At any rate, what’s done is done and Sally decides it’s time to use the ace up her sleeve by possessing Josh to find the “real” Josh that was subsumed by the wolf when she did her spell. I think that feels a bit too convenient too, to be honest, after a season of very good points being made that while the wolf can be blamed for some things that Josh has done, a lot of it has been him (lying to Nora after his wolf mated with Wendy’s). But at any rate, we finally, after all these long years, get a scene of Josh confronting his wolf and putting it in its place.

It’s really starting to hit home how close we are to the series end. After this, there are only two more Being Humans ever, and nothing quite drives that home like finally having Josh confront the wolf and accept that it’s a part of him. Given how much of a driving force it’s been for his character, to see it reach its conclusion truly feels like an ending.

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But you know what’s not ending? Josh and Nora! Those two kids have finally worked it out! Nora takes one look at him after the full moon and somehow just knows that Josh is in control again. It’s all sorts of sappy and beautiful and I cried a little bit because dang it, most of us have been rooting for these two since season one and it’s nice to see them truly happy and adoring each other before we head into the final two episodes.

And then there’s Kenny. Aidan spends most of the episode trying to convince Kenny to leave Boston, which sort of fits with the general theme of upheaval that permeates through this episode. And Kenny’s totally willing to go, even willing to fake his death so that he and Astrid can flee in peace. But this is Boston and this is Being Human. The best laid plans and all. So Aidan lies and tells Kenny that the pack killed Astrid when they learned she wanted to leave, because Sally was right when she told alternate universe-Aidan that he would never turn his back on Josh, apparently even over his own son.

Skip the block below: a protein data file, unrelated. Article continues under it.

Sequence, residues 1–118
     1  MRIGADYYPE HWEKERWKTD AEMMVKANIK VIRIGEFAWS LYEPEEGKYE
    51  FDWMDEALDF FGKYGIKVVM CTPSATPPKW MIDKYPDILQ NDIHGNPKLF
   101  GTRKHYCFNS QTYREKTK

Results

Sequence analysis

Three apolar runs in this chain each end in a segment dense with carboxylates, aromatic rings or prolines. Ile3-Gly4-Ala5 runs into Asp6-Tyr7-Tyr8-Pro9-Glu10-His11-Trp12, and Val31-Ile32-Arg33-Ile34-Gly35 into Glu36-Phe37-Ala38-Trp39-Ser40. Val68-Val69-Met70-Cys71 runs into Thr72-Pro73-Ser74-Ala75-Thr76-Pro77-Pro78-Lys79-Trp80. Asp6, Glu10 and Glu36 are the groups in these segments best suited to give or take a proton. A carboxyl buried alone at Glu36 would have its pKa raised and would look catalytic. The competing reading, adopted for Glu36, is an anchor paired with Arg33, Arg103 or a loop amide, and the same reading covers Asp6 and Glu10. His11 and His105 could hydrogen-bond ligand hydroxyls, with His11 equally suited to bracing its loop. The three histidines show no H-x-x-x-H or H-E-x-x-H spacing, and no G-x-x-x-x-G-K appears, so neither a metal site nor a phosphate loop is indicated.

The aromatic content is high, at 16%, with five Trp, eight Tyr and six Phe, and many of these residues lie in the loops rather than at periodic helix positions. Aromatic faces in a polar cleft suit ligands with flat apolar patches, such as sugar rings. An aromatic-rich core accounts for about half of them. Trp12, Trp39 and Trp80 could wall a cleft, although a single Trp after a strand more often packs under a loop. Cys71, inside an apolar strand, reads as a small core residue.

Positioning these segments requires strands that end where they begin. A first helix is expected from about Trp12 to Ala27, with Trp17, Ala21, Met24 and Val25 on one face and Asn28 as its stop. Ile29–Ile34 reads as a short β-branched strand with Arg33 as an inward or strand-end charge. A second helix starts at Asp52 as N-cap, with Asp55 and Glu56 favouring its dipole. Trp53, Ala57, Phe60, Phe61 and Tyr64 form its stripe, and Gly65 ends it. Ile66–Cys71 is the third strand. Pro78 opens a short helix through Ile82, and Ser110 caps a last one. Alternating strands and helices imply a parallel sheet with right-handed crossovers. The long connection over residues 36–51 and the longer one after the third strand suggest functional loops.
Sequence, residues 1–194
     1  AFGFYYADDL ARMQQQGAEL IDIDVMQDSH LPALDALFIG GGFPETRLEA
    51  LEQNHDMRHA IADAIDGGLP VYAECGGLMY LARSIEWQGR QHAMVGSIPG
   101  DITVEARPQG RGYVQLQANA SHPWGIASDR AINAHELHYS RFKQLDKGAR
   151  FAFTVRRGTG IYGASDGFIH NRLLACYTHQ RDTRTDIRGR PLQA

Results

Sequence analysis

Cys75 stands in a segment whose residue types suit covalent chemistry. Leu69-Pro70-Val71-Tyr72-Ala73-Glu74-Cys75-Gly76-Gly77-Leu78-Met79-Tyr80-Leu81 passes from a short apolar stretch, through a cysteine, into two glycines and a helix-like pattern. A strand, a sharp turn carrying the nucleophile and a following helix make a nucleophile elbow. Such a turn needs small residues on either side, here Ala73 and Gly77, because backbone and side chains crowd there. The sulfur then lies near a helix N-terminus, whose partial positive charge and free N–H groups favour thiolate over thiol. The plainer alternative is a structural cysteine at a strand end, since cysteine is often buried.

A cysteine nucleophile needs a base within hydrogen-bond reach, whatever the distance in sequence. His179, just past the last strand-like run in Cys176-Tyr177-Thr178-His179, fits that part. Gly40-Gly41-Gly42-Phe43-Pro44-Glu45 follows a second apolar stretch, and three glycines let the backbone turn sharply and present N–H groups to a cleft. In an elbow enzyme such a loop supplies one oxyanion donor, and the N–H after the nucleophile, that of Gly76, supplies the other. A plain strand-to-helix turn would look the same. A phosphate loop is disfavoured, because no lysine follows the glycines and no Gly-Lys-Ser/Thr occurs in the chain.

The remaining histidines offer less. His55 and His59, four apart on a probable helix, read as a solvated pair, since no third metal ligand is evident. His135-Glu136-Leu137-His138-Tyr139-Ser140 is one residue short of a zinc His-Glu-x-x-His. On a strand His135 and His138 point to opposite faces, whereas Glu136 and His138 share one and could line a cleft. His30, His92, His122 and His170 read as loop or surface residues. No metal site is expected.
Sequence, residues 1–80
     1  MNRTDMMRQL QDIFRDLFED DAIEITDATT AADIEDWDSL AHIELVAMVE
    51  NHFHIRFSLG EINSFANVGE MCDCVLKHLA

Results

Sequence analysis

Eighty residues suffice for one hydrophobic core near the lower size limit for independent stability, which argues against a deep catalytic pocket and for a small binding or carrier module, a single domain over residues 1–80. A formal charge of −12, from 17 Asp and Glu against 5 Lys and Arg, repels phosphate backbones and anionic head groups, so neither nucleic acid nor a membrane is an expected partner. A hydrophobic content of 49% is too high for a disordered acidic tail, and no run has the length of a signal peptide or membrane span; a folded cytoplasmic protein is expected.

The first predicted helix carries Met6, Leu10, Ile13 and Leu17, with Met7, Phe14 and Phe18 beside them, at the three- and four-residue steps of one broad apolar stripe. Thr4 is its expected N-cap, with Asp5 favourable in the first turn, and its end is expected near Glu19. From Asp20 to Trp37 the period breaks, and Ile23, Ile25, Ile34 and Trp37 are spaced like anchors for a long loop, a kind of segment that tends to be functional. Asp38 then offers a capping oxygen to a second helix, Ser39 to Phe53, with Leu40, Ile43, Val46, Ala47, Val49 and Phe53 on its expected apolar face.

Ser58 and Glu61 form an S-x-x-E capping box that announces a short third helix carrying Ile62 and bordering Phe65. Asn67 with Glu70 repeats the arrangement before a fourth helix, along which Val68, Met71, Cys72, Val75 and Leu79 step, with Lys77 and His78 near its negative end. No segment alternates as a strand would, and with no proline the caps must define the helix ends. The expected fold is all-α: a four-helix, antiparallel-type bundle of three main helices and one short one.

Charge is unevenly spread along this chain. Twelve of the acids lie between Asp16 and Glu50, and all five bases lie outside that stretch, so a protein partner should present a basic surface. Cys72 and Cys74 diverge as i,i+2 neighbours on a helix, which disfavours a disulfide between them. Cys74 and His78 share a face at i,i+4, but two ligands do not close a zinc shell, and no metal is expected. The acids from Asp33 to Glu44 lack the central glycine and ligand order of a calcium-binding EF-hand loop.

Upstairs, Aidan wraps Astrid’s body up by himself, telling Ramona that he kept her separate from the other wolves because she is special. On the floor, tally marks have appeared in the dried pool of Ramona’s blood, because apparently Ramona is a frat boy making notches on her proverbial bedpost.

And then, just so we’re all clear that Being Human likes to rub salt in every wound you’ve ever or will ever have, Astrid’s ghost appears to Kenny and tells him the truth of how she died.

The vampire/werewolf war is upon us, I suspect, and after their argument earlier in the episode about Josh’s mistrust of vampires, I have a sneaky suspicion that I know which side each of the boys will be on.

Oi. Here’s to next week. Bring the tissues and possibly the ale. We’re probably going to need it.